Top-end spending

Commercially, firms have reported demand from owners of artworks and antiques, even if museums’ budgets may be under stress and strain.

Hughes-Hunt adds: “There are certainly plenty of very rich individuals who invest in art for pleasure or as an asset class so I suspect that conservation at the very top end will remain unaffected.

“It may in fact increase as we see more demand from collectors in places like Hong Kong and the Middle East where there are plenty of wealthy collectors, but very few local conservators with the skill needed to treat some of the more complex issues we see with Modern and Contemporary art.

“At the middle level, I am reasonably confident that demand will stay strong, a result of so many more people having far greater awareness that it is possible to restore things, and people taking advantage of not being able to spend money on holidays, or not having to commute into work, to spend a bit extra on things like art and restoration.”


Cleaning a frame at West Dean College of Arts and Conservation. Photo: Christopher Ison/West Dean College of Arts and Conservation.

Good prospects

And the trade is still keeping the sector in business too. Grosvenor admits: “Given the number of pictures I have at the moment that need attention, the prospects for restorers are still very good!

“There’s a good saying in the art trade that cleaning is the friend of a good picture. With a dirty picture you often think that it’s going to improve with cleaning – and with a good picture it will – but a bad picture can lose its mystery, and, once cleaned, look more like a bad picture than ever.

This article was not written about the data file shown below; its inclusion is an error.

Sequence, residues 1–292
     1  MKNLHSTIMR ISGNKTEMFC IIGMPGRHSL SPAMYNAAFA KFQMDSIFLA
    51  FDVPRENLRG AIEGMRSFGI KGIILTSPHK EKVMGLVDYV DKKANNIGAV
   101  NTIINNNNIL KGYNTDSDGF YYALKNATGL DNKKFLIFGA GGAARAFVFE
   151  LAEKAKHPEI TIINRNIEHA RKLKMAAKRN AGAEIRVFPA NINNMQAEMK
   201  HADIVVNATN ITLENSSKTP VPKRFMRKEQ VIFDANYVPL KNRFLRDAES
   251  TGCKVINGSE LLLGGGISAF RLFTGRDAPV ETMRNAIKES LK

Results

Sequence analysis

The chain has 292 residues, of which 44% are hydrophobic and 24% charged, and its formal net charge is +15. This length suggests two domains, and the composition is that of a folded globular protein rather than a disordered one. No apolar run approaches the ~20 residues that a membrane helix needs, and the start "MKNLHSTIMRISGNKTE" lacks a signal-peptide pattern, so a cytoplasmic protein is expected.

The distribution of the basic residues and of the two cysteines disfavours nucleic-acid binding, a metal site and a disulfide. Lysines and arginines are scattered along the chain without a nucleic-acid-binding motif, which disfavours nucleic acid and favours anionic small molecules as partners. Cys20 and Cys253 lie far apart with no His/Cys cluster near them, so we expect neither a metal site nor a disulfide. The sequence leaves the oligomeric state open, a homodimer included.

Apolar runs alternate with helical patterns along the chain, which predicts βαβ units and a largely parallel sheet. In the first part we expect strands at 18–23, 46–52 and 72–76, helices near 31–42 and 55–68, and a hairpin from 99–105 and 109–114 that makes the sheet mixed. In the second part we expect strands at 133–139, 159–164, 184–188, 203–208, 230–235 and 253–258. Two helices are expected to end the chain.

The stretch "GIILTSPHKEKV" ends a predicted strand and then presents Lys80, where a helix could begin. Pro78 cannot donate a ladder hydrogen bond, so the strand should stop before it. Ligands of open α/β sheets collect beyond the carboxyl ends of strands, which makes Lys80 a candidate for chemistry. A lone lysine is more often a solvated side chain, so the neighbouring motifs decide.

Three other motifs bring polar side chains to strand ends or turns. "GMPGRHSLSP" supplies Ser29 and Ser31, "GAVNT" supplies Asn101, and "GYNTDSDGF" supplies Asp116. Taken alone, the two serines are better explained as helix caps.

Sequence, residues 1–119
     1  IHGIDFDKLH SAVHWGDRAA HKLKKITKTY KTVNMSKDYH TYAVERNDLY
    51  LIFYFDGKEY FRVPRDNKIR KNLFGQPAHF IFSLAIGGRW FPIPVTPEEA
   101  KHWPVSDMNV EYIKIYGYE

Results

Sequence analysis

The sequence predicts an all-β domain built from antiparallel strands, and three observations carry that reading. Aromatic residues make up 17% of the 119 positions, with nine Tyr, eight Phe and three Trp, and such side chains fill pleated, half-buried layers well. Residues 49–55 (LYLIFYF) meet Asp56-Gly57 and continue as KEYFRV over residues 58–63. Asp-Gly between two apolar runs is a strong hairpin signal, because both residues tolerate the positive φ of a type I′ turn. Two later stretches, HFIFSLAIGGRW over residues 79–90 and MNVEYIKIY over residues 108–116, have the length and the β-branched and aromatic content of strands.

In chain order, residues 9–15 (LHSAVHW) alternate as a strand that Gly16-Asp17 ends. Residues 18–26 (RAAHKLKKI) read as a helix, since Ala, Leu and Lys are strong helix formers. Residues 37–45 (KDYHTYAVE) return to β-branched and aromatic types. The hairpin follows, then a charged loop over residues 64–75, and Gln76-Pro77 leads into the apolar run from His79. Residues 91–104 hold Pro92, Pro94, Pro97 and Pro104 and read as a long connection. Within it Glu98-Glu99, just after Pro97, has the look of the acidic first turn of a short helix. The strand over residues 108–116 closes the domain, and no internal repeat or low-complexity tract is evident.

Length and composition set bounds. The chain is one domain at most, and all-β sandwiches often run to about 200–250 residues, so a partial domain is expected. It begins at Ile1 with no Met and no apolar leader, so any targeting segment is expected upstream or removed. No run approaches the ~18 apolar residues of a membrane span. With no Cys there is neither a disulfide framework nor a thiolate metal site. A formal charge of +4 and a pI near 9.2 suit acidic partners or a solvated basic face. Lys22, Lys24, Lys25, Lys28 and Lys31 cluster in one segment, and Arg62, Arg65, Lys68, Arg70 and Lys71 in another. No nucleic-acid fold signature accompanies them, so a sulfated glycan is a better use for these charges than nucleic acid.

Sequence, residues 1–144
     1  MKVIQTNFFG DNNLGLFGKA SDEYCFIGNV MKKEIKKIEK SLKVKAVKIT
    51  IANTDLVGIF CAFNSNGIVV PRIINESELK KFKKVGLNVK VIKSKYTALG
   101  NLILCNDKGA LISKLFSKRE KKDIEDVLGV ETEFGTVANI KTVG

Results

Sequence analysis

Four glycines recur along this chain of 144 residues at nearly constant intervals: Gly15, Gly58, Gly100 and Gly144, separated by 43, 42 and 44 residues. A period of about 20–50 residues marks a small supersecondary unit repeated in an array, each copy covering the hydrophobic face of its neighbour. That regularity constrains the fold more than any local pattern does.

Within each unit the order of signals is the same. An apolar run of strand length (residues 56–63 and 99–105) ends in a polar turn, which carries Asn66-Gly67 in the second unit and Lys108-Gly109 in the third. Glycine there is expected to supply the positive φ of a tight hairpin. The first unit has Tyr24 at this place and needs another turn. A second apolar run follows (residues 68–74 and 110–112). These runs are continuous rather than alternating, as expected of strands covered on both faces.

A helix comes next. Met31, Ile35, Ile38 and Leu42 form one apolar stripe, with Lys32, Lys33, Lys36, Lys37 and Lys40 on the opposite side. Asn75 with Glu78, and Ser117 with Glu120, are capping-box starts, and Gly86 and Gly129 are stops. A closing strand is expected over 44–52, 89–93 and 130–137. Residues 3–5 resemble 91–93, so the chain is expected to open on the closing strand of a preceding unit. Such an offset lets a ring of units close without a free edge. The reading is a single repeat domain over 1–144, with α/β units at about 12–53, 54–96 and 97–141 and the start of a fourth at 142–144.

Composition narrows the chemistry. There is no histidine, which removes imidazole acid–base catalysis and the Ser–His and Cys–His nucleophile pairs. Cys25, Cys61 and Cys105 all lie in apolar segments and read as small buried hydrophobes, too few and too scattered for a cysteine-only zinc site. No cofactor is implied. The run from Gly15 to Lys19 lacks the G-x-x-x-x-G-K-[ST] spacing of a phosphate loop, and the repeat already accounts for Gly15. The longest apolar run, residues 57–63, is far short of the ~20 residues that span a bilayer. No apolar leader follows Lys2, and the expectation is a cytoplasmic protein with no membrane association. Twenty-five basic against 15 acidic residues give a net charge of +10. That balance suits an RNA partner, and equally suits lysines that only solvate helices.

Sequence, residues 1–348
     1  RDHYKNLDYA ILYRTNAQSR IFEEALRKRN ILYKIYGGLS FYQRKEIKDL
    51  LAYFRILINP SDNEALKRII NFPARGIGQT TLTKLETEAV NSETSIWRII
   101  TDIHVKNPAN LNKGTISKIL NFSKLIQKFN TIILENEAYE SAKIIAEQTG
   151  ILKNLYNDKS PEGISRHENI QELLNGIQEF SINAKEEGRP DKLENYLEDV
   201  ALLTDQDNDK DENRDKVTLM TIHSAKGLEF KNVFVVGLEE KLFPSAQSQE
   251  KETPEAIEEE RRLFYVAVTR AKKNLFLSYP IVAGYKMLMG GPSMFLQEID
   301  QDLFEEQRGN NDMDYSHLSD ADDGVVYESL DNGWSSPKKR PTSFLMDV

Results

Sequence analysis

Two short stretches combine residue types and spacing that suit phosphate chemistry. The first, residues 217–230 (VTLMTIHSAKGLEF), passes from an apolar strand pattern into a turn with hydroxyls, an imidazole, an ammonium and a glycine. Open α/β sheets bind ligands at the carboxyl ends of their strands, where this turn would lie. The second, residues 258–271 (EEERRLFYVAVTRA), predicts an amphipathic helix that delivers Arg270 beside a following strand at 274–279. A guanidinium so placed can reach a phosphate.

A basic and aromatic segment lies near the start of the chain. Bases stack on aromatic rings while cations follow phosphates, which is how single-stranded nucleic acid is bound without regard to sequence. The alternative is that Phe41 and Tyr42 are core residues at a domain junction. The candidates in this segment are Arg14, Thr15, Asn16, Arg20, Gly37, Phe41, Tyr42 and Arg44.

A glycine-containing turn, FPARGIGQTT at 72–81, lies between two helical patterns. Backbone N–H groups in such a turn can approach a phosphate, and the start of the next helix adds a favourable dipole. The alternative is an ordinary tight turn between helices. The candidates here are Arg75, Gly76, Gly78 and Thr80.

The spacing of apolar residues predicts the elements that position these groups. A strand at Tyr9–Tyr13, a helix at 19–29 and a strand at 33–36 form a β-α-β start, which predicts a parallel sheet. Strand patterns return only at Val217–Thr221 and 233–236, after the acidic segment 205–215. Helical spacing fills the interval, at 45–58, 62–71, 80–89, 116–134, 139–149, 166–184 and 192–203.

“So the trick is to choose which pictures to clean very carefully…”

Picture restoration had a patchy reputation in the past and it is often today’s restorers who are still picking up the pieces.

Grosvenor adds: “Picture restoration has come a long way since it was left to the cares of the housemaid with a sponge and bucket.

“In fact, in the history of western art, no single group of people has done more damage to art than those charged with looking after it; what passed for good restoration in the past often left catastrophic results, with fads like transferring panel pictures to canvas.

“If anything, conservation has now gone a little far in the other direction; being too cautious with cleaning pictures, with the result being that ‘dirty’ works are left in storage, unseen and unloved.”

History lesson

Conservator Simon Gillespie (also see Q&A in this feature) agrees: “In the past, having one’s art cleaned would probably entail a local craftsman or, if you’re lucky, a painter ‘washing’ the painting and if anything was missing then ‘retouched’.

“This often resulted in pictures being harshly cleaned, where the finest thin surface layer of paint would be damaged, which can be the make or break of a picture being in good condition or not. Then the clumsy covering over of the damage with a large brush often resulted in large areas of a painting being repainted. It’s happened throughout history.

“With the value and ease of transport of works of art, pictures get damaged and the trading in pictures also means they are handled and interfered with more often.

“Gone are the days when a family mansion would be passed from generation to generation and be sold with its contents in place, and the benign neglect would leave paintings untouched on the same wall for generations. Sometimes the best condition pictures have come from such windswept castles in remote places.

“Although there are still untrained practitioners causing damage to paintings, the training of conservators these days is very good and the treatment options so varied. Technology has leapt on, meaning that cleaning a painting these days is quite different from two generations ago.”